Innuendo is in myopinion one of the most pernicious forms of persuasion. It relies on our tendencies to be cautious and is reflected in the commonly accepted belief that “There is no smoke without fire”. Unfortunately, innuendo is the equivalent of a smoke bomb – able to deliver copious quantities of smoke with no fire at all.
Innuendo appears to be fairly common in politics and also, unfortunately, in the media. One only needs to consider Donald Trump’s recent attacks on President Obama (see below). With no evidence apart from vague hear say, Mr Trump implies that President Obama may not have performed well academically. No evidence, just simple “maybes” and “what ifs”.
The use of innuendo is the antithesis of science, where facts and rational analysis rule supreme. This is one of the reasons I previously contemplated that many scientists would probably find it challenging to enter the political arena – the rules of the game are just too different. In science, substance trumps style, not the other way around.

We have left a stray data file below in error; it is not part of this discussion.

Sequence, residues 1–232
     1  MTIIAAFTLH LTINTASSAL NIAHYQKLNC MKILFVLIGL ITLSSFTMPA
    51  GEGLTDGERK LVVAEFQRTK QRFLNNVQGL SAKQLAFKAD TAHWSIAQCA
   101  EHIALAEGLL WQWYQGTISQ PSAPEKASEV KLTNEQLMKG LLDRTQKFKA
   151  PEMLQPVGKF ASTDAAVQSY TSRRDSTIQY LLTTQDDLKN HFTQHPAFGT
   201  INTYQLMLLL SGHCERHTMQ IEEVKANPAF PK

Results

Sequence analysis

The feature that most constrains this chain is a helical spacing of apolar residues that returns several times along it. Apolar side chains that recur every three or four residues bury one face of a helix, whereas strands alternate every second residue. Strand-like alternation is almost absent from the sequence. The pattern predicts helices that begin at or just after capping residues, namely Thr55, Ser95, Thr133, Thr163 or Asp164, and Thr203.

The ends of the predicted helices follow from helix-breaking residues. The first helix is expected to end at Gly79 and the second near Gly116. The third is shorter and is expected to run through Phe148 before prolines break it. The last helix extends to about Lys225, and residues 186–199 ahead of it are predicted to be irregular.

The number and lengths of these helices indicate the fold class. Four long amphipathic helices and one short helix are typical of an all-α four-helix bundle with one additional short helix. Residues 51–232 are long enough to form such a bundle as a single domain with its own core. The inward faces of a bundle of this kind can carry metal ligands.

As I said earlier, innuendo is a very pernicious form of persuasion. When something is insinuated the best defense is to seek out what the verifiable facts are. Forget the rumour, speculations, anonymous quotes. Seek out only the facts of the matter.